Member States voted to prohibit directed fishing for orange roughy, a measure which the DSCC has pushed for several years. However, we opposed the TAC adopted for roundnose grenadier.
DEEP SEABED MINING
- In July, we launched Game Over to help build public understanding on the issue of deep-sea mining and aggregate public support for a moratorium. Upon completion players are able send an email or tweet to their head of state calling for action.
- We published a series of fact sheets in English, French and Spanish on various aspects of deep-sea mining:
- The DSCC also released “Seabed Mining: Legal Risks, Responsibilities and Liabilities for Sponsoring States” focused on exploitation activities in the Area.
- From 5-9 October, the Coalition ran the world’s first #DeepWeek, to heighten public awareness around the urgent threats to the health of the deep sea. The week kicked off with Deep Sea TV and continued online through a concerted communications effort across the global DSCC community.
- Also in October, the DSCC submitted comments on the three sets of draft standards and guidelines on deep-sea mining issued by the ISA for public comment.
- In November, the DSCC co-hosted a panel session, Deep Connections: Pacific Communities and Deep-Sea Mining, in collaboration with WWF and regional partners at the 10th SPREP Pacific Islands Conference. The session explored what we know about the impacts of the emerging industry, whether there is social license to go ahead, and what action is required from global institutions and leaders.
- From 1st January 2020 to 16th December 2020, the DSCC’s presence on social media has significantly increased.
- Our content has been seen by audiences 5,430% more than the previous year, with noticeable peaks around the launch of the Deep Trouble campaign in June and Deep Week in October
- Audiences are also engaging with our content 1,778% more and clicking through to the links we share 1,205% more.
- Our main campaign hashtag #DeepTrouble was seen 5 million times between June and 31st October, peaking again in October around Deep Week.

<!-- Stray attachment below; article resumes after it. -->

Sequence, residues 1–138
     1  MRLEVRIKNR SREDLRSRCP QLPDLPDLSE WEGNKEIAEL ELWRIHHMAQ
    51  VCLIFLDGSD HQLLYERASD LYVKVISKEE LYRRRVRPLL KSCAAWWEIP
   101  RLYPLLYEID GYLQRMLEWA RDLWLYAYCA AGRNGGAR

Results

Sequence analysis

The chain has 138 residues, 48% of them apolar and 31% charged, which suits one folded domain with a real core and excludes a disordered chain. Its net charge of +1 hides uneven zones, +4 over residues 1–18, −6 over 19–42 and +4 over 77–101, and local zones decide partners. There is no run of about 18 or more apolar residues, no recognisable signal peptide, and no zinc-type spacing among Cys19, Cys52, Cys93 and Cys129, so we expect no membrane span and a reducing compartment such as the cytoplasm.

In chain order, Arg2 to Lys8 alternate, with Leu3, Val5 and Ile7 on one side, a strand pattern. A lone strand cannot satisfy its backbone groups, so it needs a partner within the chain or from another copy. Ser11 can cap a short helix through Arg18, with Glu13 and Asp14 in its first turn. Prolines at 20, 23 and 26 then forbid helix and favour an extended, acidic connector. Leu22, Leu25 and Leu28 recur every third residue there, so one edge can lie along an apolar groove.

- In the DSM Observer’s analysis of the DSM conversation on Twitter, published in March and September, a shift in tone was also reported.
- The analysis suggested suggested that “the tenor of the online conversation has taken a notably negative tone over the last several months, with the hashtags #stopdeepseamining, #defendthedeep #deeptrouble, #oneoceanoneplanet, #notodeepseamining, and #keepitintheseabed appearing among the top ten hashtags used”.
- Their analysis published in September also suggested a shift on social media and indicated that only the DSCC emerged as an influential and active voice on the issue of DSM.
UPCOMING MEETINGS AND EVENTS
- 21 January – 1 February: SPRFMO Compliance and Technical Committee, Financial and Administration Committee, and Annual Commission Meeting
- 25-29 January – The Davos Dialogues
- 1-5 February: UN FAO Committee on Fisheries
- 1-5 March: The Economist World Ocean Summit
- 22-26 March: SIOFA Scientific Committee Meeting
- 28 May – 10 June: NAFO Scientific Council and Standing Committees
- 16-27 August: BBNJ Intergovernmental Conference 4
- 3-11 September: IUCN World Conservation Congress
- 20-24 September: NAFO Annual Meeting
- TBD – Convention on Biological Diversity Subsidiary Body on Scientific, Technical and Technological Advice (CBD SBSTTA)
- TBD – CBD Conference of the Parties (COP15)
- TBD – Informal Consultation of Parties to the UN Fish Stocks Agreement
- TBD – UN Ocean Conference
- TBD 2021: International Seabed Authority Council and Assembly Meetings
The work of the DSCC is made possible thanks to the generosity of Arcadia Fund, Benioff Ocean Initiative, The Charles T. and Marion M. Thompson Foundation, J.M. Kaplan Fund, The Overbrook Foundation, The Schmidt Family Foundation 11th Hour Project, Synchronicity Earth, The Waterloo Foundation.